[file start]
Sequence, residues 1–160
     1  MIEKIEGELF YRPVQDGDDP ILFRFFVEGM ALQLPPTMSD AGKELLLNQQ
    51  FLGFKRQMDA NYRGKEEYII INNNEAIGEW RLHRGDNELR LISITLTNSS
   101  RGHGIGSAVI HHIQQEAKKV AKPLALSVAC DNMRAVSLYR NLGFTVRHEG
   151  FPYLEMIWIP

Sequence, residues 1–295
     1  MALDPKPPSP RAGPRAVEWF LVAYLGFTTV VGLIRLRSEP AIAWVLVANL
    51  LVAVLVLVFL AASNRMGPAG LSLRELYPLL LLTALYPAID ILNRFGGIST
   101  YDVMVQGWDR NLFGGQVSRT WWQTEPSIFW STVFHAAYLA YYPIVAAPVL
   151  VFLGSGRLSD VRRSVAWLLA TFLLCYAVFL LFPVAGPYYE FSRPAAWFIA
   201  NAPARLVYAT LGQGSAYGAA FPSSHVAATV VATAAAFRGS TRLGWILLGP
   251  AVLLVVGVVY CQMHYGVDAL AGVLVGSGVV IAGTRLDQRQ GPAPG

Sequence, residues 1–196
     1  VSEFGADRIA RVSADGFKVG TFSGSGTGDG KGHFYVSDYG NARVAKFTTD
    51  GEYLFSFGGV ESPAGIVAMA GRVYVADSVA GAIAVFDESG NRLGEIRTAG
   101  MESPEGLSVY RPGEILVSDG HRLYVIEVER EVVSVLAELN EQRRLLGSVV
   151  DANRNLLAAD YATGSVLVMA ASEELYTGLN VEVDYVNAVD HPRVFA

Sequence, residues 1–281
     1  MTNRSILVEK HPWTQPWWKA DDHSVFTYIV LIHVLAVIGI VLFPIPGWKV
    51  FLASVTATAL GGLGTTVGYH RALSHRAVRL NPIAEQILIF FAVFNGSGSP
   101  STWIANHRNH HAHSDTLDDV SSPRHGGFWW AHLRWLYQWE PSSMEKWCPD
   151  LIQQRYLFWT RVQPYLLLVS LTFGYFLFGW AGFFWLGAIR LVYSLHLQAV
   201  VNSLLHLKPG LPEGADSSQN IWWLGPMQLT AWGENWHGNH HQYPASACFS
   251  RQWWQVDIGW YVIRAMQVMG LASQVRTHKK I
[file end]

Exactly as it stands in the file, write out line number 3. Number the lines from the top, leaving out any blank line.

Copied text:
    51  FLGFKRQMDA NYRGKEEYII INNNEAIGEW RLHRGDNELR LISITLTNSS